• "not even nearly a historical fact." "Often" would be stretching the point but some robots were certainly based on home computers. I remember going to a micromouse competition at some point in the mid 80's and one of the entries was clearly based on a Sinclair ZX80. The aforementioned machine was strapped atop the chassis.
    – JeremyP
    Jun 9, 2019 at 19:00
  • @JeremyP Just because something has happened doesn't make it anything but a singularity.
    – Raffzahn
    Jun 9, 2019 at 19:34
  • If you say "there are no black sheep" and I find a black sheep, pointing at a million white sheep does not make your statement any less wrong. In fact the example I gave was not a singularity. The one I described was not unique.
    – JeremyP
    Jun 10, 2019 at 10:03

I now found a camera from '83


The MicronEye Camera from '83
- Resolution 256x128
- The two versions, could be used with many popular home-computers

This may mean that people back then may have tried projects such as the following thread -
Didn't people 'back in the day', ever try 'Object-Tracking'( combined with RC ), via their retrocomputers, as 'Home-Projects'

This one would surely be the first one designed more for the home / hobby customers, if anyone finds an earlier one, please post it .

  • Welcome to retrocomputing.se. Could you expand your answer a bit to include info on this camera? Stuff like specs, who produced it, how it was interfaced, what it was used for, etc. Answers comprised primary of links are discouraged on this site. Nov 19, 2018 at 0:23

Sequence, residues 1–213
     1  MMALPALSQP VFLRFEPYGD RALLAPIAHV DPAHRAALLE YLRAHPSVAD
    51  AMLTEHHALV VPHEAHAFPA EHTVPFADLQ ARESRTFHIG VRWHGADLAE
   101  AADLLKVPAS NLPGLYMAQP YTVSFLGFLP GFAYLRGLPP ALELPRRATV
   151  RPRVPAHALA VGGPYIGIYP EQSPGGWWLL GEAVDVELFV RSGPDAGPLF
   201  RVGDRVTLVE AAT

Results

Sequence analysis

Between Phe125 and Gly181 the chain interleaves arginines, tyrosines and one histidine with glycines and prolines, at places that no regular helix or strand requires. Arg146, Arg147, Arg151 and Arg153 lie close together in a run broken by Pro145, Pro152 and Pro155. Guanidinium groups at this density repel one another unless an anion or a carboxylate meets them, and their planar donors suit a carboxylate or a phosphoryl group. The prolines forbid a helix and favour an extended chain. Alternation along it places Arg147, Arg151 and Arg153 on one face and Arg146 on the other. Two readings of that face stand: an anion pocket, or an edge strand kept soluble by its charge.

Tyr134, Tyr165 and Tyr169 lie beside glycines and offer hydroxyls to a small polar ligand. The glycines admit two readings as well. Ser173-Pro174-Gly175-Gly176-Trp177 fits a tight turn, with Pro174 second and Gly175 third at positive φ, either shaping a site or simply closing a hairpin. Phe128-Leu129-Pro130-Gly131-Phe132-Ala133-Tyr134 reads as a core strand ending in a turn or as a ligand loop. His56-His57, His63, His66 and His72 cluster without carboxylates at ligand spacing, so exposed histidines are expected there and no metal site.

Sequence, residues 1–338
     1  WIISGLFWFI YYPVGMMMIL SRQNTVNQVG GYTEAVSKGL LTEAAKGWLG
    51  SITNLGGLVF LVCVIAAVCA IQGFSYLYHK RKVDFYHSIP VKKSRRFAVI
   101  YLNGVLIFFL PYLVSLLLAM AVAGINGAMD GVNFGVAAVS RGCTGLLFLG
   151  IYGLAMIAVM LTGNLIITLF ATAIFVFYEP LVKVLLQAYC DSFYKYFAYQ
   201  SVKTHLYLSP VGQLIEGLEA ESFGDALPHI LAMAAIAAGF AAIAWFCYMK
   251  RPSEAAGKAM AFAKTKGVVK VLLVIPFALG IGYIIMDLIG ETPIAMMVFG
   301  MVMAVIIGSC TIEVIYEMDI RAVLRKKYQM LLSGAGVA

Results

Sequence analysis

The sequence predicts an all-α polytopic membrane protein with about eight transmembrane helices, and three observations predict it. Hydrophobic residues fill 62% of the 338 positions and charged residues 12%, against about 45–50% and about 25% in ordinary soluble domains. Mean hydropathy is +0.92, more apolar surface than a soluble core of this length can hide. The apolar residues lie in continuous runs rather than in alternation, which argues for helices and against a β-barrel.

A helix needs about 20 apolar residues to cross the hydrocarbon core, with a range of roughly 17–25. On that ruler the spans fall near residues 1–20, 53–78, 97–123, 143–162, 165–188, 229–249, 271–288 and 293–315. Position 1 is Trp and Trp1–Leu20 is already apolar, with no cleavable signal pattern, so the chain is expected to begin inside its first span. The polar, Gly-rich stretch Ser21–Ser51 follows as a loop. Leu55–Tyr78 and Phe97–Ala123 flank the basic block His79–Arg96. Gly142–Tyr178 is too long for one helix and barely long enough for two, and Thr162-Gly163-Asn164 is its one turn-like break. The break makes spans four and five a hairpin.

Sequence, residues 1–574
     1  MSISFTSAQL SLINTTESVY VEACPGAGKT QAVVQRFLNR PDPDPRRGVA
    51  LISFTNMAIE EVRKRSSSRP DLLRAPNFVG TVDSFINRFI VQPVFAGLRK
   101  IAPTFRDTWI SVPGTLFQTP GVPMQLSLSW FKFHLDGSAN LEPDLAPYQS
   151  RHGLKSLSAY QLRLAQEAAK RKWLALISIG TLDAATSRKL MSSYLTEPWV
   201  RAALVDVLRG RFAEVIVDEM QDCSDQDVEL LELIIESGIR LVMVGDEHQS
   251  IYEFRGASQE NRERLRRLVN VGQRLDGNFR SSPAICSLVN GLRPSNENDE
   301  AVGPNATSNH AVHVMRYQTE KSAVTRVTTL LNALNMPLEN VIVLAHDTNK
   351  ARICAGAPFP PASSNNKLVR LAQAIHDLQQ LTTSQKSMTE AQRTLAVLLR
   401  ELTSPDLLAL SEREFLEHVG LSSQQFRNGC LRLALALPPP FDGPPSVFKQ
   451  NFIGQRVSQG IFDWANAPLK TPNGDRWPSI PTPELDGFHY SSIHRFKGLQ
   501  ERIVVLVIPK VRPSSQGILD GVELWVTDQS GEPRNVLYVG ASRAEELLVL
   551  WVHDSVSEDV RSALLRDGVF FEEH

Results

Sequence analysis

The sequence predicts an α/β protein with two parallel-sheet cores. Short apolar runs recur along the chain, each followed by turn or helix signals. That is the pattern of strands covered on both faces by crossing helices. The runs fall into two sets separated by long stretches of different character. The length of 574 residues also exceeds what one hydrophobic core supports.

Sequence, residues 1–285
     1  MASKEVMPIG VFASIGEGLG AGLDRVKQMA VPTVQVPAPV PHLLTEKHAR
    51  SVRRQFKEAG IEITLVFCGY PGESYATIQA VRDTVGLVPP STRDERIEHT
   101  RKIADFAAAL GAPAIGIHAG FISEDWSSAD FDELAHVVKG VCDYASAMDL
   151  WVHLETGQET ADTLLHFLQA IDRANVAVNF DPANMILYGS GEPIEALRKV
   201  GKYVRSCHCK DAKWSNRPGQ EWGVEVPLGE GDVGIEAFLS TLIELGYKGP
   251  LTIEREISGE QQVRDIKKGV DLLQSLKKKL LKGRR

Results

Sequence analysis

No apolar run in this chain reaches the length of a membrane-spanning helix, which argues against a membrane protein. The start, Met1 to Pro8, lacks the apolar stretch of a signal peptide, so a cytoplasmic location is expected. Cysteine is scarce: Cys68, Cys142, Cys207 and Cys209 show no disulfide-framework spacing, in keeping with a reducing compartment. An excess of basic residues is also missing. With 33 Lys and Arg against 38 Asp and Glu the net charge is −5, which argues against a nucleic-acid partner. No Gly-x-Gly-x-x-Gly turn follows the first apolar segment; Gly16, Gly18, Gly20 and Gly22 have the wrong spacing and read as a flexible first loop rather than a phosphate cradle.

Not related to image capture or processing, but the first actuator in the home computing market was maybe the Penman Plotter of 1984. It "walked" around a flat surface plotting traces in multiple colours.

By the time it showed up it was a revolutionary robotic device, and surprisingly accurate with its simplistic technology.

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    Well, that would mean to ignore all the turtles that have been there before since the 1950s. The Valiant Turtle of 1983, sold for various home computers, comes to mind. But more important, the answer is rather of topic, as the question is about vision, not drawing.
    – Raffzahn
    Nov 18, 2018 at 14:47
  • @tofro, thanks, surprised I've never seen the Penman Plotter before - It would be useful if you or anyone could up-vote my question, I need a "50-reputation" to comment on the 'What was the first intelligent digital robot?' question, to post a very interesting link Nov 18, 2018 at 14:49
  • @typingcomputers a) Write an answer - if that link is interesting, it will also come with useful information to be presented here. b) Tutles, and the PenMan is basicly a turtle variation, have been around a very long time in many many variations. AAll the way since the begining of digital computing.
    – Raffzahn
    Nov 18, 2018 at 15:35
  • @Raffzahn That is correct (turtle mechanics around for a long time) but the Penman was a) the first in the home computer price range b) commercially available and affordable and c) easy to use for the end user. and d) read the one-but-last paragraph of the question please.
    – tofro
    Nov 18, 2018 at 17:09
  • @tofro Before argueing it would be a good idea to check up as the presentet Valiant Turtle was a) in the home comuter price range, b) available in 1983 for example for the Apple II, c) whats more easy than Logo? Now for d), I can't see anything about output devices mentioned there - right?
    – Raffzahn
    Nov 18, 2018 at 17:19